Keeping Influenza at Bay
Across the state, Florida families are back from vacation and preparing for back-to-school season, football season and more. With all this activity, it’s easy to forget that flu season is also just around the corner.
Influenza, or flu, viruses usually begin to show up in October, and the season can last through fall and winter or longer. The flu is very contagious. People with weakened immune systems, such as infants, young children and the elderly, can be at risk for severe illness and complications.
Families can lower the risk of bringing the flu virus into their households by following these tips from the Centers for Disease Control and Prevention (CDC):
- Keep it clean – Wash your hands often with soap and water or an alcohol-based sanitizer to reduce germs. Disinfect things in high-traffic areas in your home and office, like doorknobs and keyboards.
- Keep your distance – Flu viruses can be spread up to six feet when an infected person coughs, sneezes or speaks! If you know someone has the flu, keep your distance, if possible.
- Keep covered –Cover your cough or sneeze with a tissue.
- Keep hands away – One of the quickest ways for a person to catch germs is to touch a germy area, then touch their eyes, nose or mouth. Limit touching your face, especially while out in public.
- Keep the immune system strong – It’s easier to get sick if your immune system is weakened. Getting enough sleep, managing stress, eating healthy foods and staying active are a few ways to keep the body in fighting shape to ward off infection.
Your Best Bet: Get a Flu Shot
According to the CDC, getting an annual flu shot is the single best way to prevent seasonal flu. The more people that get a flu shot, the fewer community outbreaks tend to happen.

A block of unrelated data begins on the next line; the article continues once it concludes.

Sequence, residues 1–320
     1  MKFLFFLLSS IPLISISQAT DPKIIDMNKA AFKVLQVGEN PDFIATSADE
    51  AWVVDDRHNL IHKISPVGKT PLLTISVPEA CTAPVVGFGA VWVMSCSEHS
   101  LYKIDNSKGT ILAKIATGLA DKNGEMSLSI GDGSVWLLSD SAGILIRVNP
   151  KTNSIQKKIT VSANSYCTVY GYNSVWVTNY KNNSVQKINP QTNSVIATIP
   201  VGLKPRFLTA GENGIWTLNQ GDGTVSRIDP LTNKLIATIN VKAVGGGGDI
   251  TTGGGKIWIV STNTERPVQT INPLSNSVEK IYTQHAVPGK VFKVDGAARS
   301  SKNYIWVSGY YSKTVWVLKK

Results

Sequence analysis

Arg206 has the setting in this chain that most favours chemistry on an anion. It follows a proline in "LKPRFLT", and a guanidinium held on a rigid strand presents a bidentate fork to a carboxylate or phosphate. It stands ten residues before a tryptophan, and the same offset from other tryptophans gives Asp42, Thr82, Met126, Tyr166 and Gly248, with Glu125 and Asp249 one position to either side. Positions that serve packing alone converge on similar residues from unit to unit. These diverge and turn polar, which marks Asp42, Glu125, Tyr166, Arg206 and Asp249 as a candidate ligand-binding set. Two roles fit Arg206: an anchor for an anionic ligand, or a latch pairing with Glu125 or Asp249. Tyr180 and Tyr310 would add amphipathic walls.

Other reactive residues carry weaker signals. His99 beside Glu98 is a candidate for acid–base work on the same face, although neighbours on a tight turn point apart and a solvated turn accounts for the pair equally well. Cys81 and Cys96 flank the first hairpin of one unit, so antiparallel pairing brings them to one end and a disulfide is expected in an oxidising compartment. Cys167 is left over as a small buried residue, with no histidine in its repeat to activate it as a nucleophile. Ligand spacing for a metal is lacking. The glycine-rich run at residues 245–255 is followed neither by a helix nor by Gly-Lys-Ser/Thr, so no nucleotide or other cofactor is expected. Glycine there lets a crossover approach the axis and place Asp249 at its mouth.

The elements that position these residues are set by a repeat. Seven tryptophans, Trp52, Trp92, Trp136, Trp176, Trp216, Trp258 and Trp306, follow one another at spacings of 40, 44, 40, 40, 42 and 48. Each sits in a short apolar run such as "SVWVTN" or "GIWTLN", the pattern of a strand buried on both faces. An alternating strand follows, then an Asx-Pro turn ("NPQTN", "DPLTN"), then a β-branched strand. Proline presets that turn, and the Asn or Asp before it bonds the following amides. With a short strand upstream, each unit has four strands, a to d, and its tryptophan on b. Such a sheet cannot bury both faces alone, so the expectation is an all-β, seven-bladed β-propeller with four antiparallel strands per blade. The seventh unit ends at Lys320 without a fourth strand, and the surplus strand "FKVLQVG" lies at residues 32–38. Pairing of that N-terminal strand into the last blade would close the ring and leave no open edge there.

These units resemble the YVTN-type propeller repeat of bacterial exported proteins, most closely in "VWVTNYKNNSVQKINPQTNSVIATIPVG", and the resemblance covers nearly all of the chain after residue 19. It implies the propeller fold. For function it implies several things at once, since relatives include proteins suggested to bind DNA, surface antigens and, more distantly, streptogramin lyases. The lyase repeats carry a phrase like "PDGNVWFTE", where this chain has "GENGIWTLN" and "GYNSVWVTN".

Since it usually takes two weeks for antibodies to build up in the immune system, it’s best to get vaccinated as soon as the shots become available. You can get a flu shot through your primary care doctor, at participating wellness centers or at retail pharmacies. Flu shots are covered at no extra cost for many Florida Blue members. Be sure to check your plan’s benefits before you head out to get one.
Flu Shot Quick Facts
- The flu vaccine protects against several strains of flu that will likely be the most common strains this year. These strains change from year to year.
- The flu shot cannot cause the flu. Reactions that some people get after receiving a flu shot are most likely the body’s immune response to the vaccination. While the person may feel sick, it is not the actual flu.
- The flu vaccine only reduces your risk; it cannot guarantee you won’t get the flu. If you do get the flu despite getting the flu shot, your illness is generally much milder.
- The CDC recommends that these groups of people should get the flu shot:
- Children younger than 5
- Adults 65 and older
- Pregnant women
- Residents of nursing homes or other long-term care facilities
- People with asthma; chronic lung disease; heart disease; neurological or neurodevelopmental disorders (such as cerebral palsy, epilepsy, stroke and brain disorders); blood, endocrine, kidney and liver disorders; and people with weakened immune systems.